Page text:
If by well spaced you mean "with ample space between them"* then you can see how it might pay off (to someone who has no problem setting up 186-encode tests like myself) to investigate not just the presets but the areas in between. If they have ample space between them then there is the possibility of a combination of settings not covered by the presets that give my own highly personal ideal speed:quality:compression ratio. (* = I don't believe you mean "correctly spaced" as that would be purely subjective.)
The x264 presets can still be a guide. For example, once you find the two presets closest to your target encoding speed (i.e. the one that's faster and the one that's slower), you can test a lot less by varying only the settings that change between the two presets. Much faster to achieve settings close to optimal this way.
Arlki wrote:
mduell wrote:The primary influence on quality vs size is handled by your choice of rate control settings.
I have taken the above statement to mean "the ratio of quality (ssim when psy-opts not active) to size depends primarily upon the CRF value and only secondarily upon encode settings".

Have you tested at multiple CRF values and with multiple settings to confirm this? I only ask because in responding to a query by JohnAStebbins (http://forum.handbrake.fr/viewtopic.php ... 878#p82533 -> http://forum.handbrake.fr/viewtopic.php ... 878#p82554) I found that quality alone was affected more by encode settings than crf. Unfortunately I didn't keep the resulting encodes, so I have no way to confirm the actual size values, but I believe (and may be mistaken in doing so) that they were approximately the same in size. If true this would indicate the opposite - that settings matter more than crf and that crf is thus secondary to settings.
Probably a misunderstanding. Quality-to-size (i.e. compression efficiency) is dictated by the settings. Quality itself can be adjusted by adjusting rate control settings.
Arlki wrote:It would also go some way to explaning why when I benchmarked size and speed against a constant crf people didn't seem to like that fact that I ignored the true video quality, though.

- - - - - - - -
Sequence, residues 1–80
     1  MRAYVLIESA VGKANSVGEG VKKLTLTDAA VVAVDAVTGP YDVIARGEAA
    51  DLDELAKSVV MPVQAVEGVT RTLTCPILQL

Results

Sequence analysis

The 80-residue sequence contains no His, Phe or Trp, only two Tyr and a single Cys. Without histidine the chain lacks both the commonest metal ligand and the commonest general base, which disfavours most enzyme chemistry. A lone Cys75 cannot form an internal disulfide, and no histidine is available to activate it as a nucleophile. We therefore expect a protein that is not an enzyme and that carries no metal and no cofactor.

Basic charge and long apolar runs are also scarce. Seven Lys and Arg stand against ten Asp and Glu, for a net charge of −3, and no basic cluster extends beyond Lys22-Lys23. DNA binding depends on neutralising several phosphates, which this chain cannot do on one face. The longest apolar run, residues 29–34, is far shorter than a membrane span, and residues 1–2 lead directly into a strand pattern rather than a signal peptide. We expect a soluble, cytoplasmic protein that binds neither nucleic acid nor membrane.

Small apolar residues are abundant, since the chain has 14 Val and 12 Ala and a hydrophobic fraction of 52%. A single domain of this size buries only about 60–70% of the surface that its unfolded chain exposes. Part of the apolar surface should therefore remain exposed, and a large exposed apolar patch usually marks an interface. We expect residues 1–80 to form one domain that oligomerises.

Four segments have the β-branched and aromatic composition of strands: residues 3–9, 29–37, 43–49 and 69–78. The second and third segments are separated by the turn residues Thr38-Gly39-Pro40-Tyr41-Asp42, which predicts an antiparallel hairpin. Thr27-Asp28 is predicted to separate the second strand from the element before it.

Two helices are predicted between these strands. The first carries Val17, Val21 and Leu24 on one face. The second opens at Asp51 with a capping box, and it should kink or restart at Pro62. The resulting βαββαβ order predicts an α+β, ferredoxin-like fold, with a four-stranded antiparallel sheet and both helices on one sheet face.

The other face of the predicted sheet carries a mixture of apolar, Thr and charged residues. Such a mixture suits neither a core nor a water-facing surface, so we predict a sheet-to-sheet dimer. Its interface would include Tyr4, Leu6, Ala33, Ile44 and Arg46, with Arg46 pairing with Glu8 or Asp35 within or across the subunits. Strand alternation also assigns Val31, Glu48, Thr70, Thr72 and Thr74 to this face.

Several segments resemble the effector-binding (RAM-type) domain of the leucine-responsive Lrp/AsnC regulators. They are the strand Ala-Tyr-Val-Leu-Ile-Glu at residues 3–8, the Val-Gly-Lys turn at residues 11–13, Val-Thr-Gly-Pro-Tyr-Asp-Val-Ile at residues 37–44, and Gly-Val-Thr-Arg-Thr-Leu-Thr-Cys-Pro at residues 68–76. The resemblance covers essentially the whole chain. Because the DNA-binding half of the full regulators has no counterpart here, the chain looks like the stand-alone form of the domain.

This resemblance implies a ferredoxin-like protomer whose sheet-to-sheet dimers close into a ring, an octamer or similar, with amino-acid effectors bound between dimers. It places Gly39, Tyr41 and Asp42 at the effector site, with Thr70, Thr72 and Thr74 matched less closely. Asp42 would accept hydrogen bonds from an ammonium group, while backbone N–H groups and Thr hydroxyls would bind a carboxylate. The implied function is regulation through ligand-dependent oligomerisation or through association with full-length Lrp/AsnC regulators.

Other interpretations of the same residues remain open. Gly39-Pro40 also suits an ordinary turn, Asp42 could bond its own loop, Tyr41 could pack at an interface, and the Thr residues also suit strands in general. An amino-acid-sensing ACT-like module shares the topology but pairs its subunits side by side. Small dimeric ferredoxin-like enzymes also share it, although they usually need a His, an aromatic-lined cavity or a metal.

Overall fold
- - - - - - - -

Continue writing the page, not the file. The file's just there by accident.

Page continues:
There are plenty of issues with your testing methodology. One of them being that you use x264's SSIM approximation as a measure of quality when psy opts have enough of an effect to mean that a higher SSIM does not mean a higher quality. The fact that SSIM is the best you've got means nothing if the best is not good enough to make relevant comparisons between settings. Anyway, enough with that.

Another important issue is that (as I understand it) you're trying to achieve optimal settings for a given speed. However, you're comparing settings in CRF mode and then assigning them an efficiency score (based on SSIM and file size). Which assumes SSIM scales linearly with bitrate, like assuming that:

Code: Select all

settings A    SSIM 10.00    File size 100.00

settings B    SSIM 12.00    File size 132.00

infers

settings B    SSIM 10.00    File size 110.00
i.e. that a 20% increase in SSIM accompanied by a 32% increase in file size means setting B are less efficient. This is not necessarily true, and that's why I've been insisting that you use 2-pass average bitrate if you want to determine whether some settings are more efficient.

Then, once you've found which settings are more efficient at a given speed, you can worry about quality by adjusting the rate factor in CRF mode (which is optimal for encoding - unless you have specific file size constraints - but not for comparing settings).

Arlki
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Re: Better settings don't always equal better encodes

Post by Arlki »

Rodeo wrote:
Arlki wrote:
mduell wrote:The number of combinations to try is certainly subjective, but my suggestion is that the x264cli presets cover the speed/quality tradeoff well because that's what they were intended to do, they were written by the folks to best understand the tradeoffs, and they're kept up to date as x264 evolves. The x264cli presets are well spaced and span a couple orders of magnitude for encoding speed from you can't really go faster to you can't really go slower.